Glutamate Applies the Brakes

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Science  21 Jul 2000:
Vol. 289, Issue 5478, pp. 361
DOI: 10.1126/science.289.5478.361c

Neurofilaments form structural networks in neurons and are transported from the neuronal cell body (the site of synthesis) into the axons via a process known as slow axonal transport. Using neurofilament subunits tagged with a fluorophore, Ackerley et al. show that glutamate, a neurotransmitter which at high concentrations leads to excitotoxicity, can alter neurofilament transport. Glutamate slowed neurofilament transport, most probably due to stimulation of mitogen-activated protein kinases, which are capable of phosphorylating neurofilament subunits. This observation provides a mechanistic link between excitotoxicity and neurofilament accumulation associated with neurodegenerative disorders such as Parkinson's disease and amyotrophic lateral sclerosis. — SMH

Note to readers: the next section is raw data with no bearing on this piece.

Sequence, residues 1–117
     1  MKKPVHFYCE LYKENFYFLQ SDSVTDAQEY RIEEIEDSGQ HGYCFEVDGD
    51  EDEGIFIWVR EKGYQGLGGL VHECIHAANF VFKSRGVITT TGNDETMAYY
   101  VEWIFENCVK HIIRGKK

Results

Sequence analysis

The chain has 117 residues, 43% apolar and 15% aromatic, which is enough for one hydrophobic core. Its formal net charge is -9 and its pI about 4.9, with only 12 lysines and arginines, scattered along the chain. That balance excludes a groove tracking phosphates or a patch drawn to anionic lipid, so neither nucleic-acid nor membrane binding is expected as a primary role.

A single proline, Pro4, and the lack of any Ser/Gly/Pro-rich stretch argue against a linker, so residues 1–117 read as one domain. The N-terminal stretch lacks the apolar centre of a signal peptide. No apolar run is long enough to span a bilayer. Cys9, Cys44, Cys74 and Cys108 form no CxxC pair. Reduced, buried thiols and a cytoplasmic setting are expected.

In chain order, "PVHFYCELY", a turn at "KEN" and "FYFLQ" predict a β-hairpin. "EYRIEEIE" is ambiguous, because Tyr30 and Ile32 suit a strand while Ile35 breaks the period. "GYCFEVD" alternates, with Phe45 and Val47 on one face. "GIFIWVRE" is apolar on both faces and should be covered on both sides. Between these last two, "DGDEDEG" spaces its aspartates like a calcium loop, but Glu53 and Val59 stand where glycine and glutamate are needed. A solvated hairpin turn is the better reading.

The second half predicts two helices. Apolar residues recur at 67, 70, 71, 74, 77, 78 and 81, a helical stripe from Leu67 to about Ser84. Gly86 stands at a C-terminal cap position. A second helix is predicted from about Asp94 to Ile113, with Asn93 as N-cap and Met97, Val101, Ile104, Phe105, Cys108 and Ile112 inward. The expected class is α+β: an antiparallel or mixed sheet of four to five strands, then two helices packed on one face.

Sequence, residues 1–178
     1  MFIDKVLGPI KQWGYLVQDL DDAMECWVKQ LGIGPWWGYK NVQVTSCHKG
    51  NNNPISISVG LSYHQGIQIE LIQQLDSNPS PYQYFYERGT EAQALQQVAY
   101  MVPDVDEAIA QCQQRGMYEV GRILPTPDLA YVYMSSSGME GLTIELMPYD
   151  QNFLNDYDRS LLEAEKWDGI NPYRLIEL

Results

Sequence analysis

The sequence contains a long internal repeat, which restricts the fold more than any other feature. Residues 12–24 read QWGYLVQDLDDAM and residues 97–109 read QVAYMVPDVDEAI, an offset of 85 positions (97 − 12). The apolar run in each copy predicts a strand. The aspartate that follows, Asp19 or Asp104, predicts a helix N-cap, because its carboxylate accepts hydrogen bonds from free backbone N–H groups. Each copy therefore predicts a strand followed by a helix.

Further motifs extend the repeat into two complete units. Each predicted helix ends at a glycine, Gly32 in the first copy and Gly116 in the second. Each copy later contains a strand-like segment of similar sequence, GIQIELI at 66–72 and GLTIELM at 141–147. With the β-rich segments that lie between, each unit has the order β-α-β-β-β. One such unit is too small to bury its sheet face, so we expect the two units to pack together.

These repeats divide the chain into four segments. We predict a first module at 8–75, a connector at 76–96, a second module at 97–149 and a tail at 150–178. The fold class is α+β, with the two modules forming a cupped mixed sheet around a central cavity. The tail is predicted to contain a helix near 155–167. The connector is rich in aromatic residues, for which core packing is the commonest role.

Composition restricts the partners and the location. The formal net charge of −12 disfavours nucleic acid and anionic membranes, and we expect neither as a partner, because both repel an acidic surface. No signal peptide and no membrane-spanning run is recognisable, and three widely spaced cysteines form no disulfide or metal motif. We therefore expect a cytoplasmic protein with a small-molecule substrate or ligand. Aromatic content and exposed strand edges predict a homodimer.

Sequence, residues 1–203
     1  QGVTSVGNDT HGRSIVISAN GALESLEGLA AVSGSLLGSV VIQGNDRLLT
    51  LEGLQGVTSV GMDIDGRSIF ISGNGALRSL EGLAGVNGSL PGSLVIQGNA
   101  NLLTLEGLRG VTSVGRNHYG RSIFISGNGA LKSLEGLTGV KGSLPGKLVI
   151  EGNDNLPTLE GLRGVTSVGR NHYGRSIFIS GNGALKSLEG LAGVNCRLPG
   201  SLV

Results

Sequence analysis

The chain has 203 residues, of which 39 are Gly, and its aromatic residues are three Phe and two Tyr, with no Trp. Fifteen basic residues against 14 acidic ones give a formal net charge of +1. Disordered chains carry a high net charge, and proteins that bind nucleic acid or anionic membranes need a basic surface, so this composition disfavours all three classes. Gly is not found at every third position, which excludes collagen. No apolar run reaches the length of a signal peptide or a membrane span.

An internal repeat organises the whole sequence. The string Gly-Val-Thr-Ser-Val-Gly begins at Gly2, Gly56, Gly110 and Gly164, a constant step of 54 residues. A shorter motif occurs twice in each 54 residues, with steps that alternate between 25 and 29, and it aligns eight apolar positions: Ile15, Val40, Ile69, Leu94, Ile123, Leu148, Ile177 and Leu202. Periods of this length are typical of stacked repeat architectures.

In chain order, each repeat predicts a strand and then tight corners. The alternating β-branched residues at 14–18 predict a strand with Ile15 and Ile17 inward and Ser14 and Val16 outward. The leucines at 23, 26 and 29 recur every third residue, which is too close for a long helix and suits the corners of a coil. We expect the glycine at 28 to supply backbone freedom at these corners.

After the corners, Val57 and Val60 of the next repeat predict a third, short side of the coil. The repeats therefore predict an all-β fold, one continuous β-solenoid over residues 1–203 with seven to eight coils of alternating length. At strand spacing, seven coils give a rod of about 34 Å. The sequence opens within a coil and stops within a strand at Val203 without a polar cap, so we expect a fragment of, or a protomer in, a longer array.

J. Cell Biol. 150, 165 (2000).

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